Yet the voting leaves some critical negotiations ahead if the Republican Turkish Party (CTP) is to form a stable government.
With the results almost all in, Talat said in Nicosia that his party would probably have 25 seats in the 50-seat assembly.
A period of political horse-trading therefore looks likely now, as Talat tries to form a new government before the parliament of the self-declared Turkish Republic of Northern Cyprus resumes in 10 days' time.
"We will most probably need a coalition, but we only need one seat to get one," Ozdil Nami, a deputy in Talat's CTP, said.
For their part, the main opposition parties to the CTP, the National Unity Party (UBP) and Democrat Party (DP), have seen their votes more or less unchanged since the last election, back in 2003.
The opposition parties have seen
no increase in their vote share
DP leader Serdar Denktash nonetheless told reporters that his party were now "the king makers". The DP seems likely to have some six seats, the UBP 18.
The final seat seems likely to go to Mustafa Akinci's Peace and Democracy Movement (BHP). His party lost out the most, as pro-settlement voters flocked to the CTP.
Predictably, CTP leaders are convinced the election result sends a message to the wider world.
"The result shows that Turkish Cypriots are committed to the path to peace," Nami said, "and our support for this in the past was not just a convenience."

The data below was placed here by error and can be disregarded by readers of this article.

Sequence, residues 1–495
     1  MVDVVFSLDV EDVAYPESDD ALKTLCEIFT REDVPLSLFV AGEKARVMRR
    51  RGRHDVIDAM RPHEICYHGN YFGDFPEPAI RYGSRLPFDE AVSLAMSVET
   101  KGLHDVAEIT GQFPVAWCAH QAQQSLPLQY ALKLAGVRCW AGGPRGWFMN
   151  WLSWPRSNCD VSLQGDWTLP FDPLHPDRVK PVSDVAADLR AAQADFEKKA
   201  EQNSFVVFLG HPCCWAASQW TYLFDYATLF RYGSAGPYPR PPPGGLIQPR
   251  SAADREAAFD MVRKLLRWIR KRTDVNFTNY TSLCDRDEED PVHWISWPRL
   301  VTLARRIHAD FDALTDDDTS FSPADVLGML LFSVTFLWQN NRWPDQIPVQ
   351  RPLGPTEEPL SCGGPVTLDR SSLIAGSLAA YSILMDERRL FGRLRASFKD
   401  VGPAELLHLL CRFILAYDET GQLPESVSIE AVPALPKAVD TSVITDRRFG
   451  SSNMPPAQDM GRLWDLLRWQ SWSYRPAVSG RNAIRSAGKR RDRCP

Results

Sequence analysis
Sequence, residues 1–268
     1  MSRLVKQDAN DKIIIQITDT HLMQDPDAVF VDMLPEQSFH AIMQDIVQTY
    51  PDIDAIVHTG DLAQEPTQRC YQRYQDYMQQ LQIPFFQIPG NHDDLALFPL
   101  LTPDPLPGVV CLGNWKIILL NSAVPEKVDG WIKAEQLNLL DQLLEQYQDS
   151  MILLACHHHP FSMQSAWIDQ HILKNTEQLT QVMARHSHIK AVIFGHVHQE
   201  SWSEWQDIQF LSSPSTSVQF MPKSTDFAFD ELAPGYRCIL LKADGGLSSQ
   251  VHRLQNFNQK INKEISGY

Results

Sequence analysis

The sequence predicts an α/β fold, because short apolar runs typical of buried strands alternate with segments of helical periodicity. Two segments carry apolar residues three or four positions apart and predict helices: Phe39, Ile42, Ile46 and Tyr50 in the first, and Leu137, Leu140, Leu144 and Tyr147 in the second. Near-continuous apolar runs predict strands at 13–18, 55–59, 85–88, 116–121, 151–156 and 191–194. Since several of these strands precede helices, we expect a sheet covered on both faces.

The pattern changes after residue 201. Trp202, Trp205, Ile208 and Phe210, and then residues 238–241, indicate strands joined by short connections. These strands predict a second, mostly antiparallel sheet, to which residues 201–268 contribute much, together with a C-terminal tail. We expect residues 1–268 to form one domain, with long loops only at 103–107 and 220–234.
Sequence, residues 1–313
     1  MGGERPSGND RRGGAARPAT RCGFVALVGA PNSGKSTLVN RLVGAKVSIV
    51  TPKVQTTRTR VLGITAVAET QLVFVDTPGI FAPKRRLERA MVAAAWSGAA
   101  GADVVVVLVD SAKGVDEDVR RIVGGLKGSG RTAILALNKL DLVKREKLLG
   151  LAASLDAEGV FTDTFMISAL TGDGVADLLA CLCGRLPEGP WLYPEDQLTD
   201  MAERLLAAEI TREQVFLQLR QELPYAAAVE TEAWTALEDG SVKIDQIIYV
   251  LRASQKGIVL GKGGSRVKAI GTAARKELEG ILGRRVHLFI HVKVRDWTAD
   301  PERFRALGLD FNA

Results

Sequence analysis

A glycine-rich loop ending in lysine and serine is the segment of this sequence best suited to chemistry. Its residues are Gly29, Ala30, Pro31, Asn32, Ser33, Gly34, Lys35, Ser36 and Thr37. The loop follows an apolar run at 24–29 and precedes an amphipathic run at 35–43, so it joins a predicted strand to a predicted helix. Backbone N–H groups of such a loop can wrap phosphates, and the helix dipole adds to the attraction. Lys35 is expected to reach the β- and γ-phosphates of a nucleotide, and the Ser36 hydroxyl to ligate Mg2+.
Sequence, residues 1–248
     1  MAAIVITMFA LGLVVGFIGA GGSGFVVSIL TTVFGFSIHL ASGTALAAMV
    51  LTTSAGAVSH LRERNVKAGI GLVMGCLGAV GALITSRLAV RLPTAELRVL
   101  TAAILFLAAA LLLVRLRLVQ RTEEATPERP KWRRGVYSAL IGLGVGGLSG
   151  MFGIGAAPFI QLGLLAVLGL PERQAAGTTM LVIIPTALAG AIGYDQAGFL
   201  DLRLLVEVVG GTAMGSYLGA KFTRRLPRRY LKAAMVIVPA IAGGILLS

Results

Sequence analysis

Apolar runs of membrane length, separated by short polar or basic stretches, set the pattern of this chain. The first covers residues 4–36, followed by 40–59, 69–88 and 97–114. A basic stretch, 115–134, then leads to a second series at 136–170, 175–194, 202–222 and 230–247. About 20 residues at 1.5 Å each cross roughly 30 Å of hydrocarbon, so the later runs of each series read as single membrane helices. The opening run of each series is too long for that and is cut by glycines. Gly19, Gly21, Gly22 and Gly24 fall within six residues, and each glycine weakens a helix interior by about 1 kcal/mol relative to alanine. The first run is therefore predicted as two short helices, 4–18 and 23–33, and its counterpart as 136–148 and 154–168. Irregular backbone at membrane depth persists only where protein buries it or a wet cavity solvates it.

Others saw in it a clear indication of a deeper change in Turkish Cyprus.
"Despite the disappointments," Kemal Cengiz from Nicosia said, "the result shows a commitment to follow the same course.
Now this will also show the EU and the US and the international community that they have to help us."
Pro-settlement voters flocked to
the party of Mehmet Ali Talat
Talat promised to pursue "more decisively and extensively" a policy of pressuring the international community to begin direct trade with Turkish Cypriots and end the unrecognised state's isolation.
Yet others were less optimistic about the prospects of the election making a real difference.
"The Greek Cypriots must now respond to what we are saying," Nefus Avci, a student from Famagusta, said, "but we fear that nothing much will come from them. They will try to downplay this."
Last April, Turkish Cypriots voted in favour of a UN reunification plan while Greek Cypriots voted against. Since then, there have been no new efforts to restart talks, though both sides have expressed a willingness to do so.
The election's impact on the fate
of Turkish Cyprus is questionable
However, the UN has largely dismantled its Cyprus negotiating team, while the EU is also reluctant to become involved in negotiating a solution, as it fears that at present any new settlement plan would similarly be voted down.
Yet the election may bring added pressures on the Greek Cypriots.
"Perhaps if there are more moves towards ending our isolation," Nami said, "then the Greek Cypriots might be forced to change their minds."
How likely those moves will be, however, remains an open question.
In any event, the European Commission on Sunday welcomed Talat's victory, saying the outcome showed a "clear desire" by the region's residents for full integration into the EU.
"The commission welcomes the results of the 'parliamentary' elections in the northern part of Cyprus," the EU's executive branch said in a statement.
"The results indicate a clear desire of the Turkish Cypriot community to continue preparations for their full integration into the EU."
It added: "The results also show that the Turkish Cypriots are committed to the reunification of Cyprus."